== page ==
I suppose it was inevitable after enjoying a race and setting aside the poor (for me*) time that I would get around to thinking about the time. So it was that a bout of the post-race "I could do better" blues set in. It could not have gone a lot better on the day of the cardiff10k but somehow I started with the "what if"s and it was all downhill from there really.
Yes I is my second slowest recorded time for 10k but given the year I have had and the weight that I am now carrying after so many comfort eating snacks could I really beat myself up about it? Well, yes, because my body and my brain knows how it feels to go quicker (for me*).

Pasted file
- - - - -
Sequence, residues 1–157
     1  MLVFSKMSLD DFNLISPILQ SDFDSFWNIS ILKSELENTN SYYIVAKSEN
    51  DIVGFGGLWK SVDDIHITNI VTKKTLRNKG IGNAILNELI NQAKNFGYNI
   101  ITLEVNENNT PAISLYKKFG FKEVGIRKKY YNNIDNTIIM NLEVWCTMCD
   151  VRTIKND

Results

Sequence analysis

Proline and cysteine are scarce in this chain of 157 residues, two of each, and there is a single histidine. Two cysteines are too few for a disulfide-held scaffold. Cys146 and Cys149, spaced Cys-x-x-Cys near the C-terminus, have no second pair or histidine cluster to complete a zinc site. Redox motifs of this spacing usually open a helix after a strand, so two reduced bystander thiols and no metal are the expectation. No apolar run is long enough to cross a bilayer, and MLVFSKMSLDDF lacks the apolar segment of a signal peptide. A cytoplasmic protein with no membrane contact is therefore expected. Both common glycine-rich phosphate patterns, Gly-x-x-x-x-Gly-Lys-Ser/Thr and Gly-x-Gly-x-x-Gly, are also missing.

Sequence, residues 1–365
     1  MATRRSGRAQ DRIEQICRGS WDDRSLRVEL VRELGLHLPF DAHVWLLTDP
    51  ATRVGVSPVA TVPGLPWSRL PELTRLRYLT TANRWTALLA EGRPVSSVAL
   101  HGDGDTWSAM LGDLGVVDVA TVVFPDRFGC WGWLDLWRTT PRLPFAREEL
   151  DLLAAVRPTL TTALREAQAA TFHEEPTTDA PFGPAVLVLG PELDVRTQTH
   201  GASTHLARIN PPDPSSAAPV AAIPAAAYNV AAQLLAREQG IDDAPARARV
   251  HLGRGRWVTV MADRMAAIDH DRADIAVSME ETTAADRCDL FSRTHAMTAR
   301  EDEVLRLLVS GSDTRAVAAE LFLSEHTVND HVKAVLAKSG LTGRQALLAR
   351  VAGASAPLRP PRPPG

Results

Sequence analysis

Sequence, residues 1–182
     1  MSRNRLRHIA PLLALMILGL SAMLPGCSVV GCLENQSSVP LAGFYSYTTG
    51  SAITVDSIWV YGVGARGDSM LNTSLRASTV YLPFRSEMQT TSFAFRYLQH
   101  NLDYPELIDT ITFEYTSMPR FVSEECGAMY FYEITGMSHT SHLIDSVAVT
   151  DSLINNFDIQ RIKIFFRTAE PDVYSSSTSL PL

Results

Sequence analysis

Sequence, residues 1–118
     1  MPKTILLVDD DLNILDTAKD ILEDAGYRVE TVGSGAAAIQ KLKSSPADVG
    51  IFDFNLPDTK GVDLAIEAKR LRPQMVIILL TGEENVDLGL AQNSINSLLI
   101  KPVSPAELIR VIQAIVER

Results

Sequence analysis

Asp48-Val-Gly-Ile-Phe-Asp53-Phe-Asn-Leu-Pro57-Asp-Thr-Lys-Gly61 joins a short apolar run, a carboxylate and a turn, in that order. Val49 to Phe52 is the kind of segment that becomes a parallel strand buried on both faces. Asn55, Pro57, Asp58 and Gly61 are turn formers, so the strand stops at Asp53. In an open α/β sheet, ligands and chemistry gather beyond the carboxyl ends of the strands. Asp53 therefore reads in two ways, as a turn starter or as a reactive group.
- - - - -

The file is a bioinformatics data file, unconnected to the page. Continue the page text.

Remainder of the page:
It took a couple of days for the blues to strike so I had a goodly while to enjoy the glow of enjoying the event. What I am left with is a fresh resolve, and the very real feeling that I should not expect miracle returns to old event times.
The truth of it is that I have tried to change my running form and the I am still in the transition period (or so I tell myself). That I completed the whole 10k in mass participation crowds of enforced pace changes and avoided the inevitable possible collisions of big group running without breaking form was perhaps the biggest single take away from the run.
I have now the half marathon in two weeks two to try and build into. The main aim there will be to come away with the same big achievement - will I be able to run 22+k without falling back into heal striking?
* I know all times are relative and that speedier and slower runners alike will be cross with me unless I try to set things as far as I can in proper context.